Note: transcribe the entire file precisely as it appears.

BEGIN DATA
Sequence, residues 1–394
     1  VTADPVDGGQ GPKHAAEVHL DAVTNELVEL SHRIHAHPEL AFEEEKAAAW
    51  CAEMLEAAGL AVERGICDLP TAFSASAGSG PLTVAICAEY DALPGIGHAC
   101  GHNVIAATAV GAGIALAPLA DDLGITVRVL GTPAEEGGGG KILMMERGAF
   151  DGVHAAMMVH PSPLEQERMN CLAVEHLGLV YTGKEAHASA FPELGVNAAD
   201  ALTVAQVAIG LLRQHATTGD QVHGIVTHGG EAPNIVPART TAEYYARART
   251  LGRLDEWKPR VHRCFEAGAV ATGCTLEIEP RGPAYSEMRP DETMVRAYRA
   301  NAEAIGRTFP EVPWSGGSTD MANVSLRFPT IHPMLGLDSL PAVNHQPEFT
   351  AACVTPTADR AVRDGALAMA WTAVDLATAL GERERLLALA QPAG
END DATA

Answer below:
Sequence, residues 1–394
     1  VTADPVDGGQ GPKHAAEVHL DAVTNELVEL SHRIHAHPEL AFEEEKAAAW
    51  CAEMLEAAGL AVERGICDLP TAFSASAGSG PLTVAICAEY DALPGIGHAC
   101  GHNVIAATAV GAGIALAPLA DDLGITVRVL GTPAEEGGGG KILMMERGAF
   151  DGVHAAMMVH PSPLEQERMN CLAVEHLGLV YTGKEAHASA FPELGVNAAD
   201  ALTVAQVAIG LLRQHATTGD QVHGIVTHGG EAPNIVPART TAEYYARART
   251  LGRLDEWKPR VHRCFEAGAV ATGCTLEIEP RGPAYSEMRP DETMVRAYRA
   301  NAEAIGRTFP EVPWSGGSTD MANVSLRFPT IHPMLGLDSL PAVNHQPEFT
   351  AACVTPTADR AVRDGALAMA WTAVDLATAL GERERLLALA QPAG